From the development of language and communication there has been the need to restrict those who receive this information from those you would choose not to share it with. This was the beginnings of encryption, a method of disguising the information, so that only you and the desired recipient knows what it written. Many ingenious methods have been employed, some for the purposes of war and others used to scam or to just confuse. This week’s New Scientist explores “Unbreakable” 1; a set of articles discussing unbroken codes and ciphers. It is a fascinating look at a variety of codes which have remained unbroken, even in the face of sophisticated analytical software and computer algorithms designed to break the most complex ciphers. One of the most famous code machines, the Enigma machine still has many codes which have remained unbroken, the article discusses how the codes are created and how modern code breakers that are taking on the challenge in the hope of finally decoding them. More disturbing is the still undeciphered message left by a serial killer during the 1960’s who became known as the ‘Zodiac killer’ 2, where even modern attempts to decode the messages have failed. What is fascinating is that these codes have grabbed the imagination of people through out the generations and the ingenuity of the creators has inspired many more people to follow in their footsteps, both in designing new codes and in developing ways to crack them, this has lead to a competitive one-upmanship, in so doing leading to safer encryption for online communications and maintaining personal privacy.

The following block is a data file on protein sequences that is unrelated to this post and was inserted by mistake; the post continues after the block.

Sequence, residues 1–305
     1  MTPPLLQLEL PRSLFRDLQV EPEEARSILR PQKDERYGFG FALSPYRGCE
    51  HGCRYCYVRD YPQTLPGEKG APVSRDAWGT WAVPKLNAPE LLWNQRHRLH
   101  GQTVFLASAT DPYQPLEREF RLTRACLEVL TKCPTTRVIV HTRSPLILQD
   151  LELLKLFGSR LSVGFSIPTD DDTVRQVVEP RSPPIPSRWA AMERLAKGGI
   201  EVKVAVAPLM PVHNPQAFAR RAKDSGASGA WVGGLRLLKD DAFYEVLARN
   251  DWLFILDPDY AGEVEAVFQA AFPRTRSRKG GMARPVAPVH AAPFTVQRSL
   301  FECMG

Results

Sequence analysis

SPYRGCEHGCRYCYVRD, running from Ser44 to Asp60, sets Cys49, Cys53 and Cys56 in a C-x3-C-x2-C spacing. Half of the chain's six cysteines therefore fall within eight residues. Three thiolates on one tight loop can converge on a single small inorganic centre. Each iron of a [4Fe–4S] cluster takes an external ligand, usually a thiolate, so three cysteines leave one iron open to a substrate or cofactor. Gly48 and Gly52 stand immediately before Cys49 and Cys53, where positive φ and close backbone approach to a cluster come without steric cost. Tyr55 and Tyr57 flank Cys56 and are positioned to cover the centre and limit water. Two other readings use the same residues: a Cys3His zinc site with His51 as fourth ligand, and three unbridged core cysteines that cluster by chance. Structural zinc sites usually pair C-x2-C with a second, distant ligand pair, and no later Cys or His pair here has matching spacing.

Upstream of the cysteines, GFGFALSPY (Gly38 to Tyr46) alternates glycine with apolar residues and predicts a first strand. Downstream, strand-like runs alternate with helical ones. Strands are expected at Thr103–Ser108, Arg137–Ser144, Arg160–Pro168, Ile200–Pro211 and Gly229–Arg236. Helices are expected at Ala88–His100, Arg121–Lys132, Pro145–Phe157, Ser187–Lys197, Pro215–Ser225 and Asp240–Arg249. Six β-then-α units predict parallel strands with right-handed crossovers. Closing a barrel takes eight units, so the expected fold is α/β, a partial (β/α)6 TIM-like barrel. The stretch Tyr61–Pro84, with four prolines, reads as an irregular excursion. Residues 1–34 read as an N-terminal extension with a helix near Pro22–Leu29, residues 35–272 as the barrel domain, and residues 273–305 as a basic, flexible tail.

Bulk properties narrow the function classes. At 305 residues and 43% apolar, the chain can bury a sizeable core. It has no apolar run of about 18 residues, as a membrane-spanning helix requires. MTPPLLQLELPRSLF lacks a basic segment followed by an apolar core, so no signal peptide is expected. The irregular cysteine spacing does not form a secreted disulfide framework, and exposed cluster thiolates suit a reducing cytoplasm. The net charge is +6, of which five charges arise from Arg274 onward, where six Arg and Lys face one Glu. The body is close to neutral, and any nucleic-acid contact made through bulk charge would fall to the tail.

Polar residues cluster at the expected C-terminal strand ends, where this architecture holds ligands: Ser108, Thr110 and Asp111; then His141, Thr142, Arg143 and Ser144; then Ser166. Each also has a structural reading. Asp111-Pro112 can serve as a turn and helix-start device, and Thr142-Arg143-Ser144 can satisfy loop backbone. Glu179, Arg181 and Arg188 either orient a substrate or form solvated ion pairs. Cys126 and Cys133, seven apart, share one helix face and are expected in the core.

The book Codes, Ciphers, Secrets and Cryptic Communication 3 is a wonderful read for anyone interested in codes and ciphers. It discusses the history of early attempts at encryption and examines how these have evolved over time and to cope with different challenged from advancing decryption methods. It explored a variety of different unbroken codes and why they have been so successful, as well as why many are likely to simply be fakes because there structure is consistent with that of nonsense. It is a wonderful book, written in a lively style and with plenty of explanations and examples. The reader gains a firm understanding how the different types of encryption work and can have a go at designing their own coded messages.
E Markham (2011). Cryptic Codes Blogspot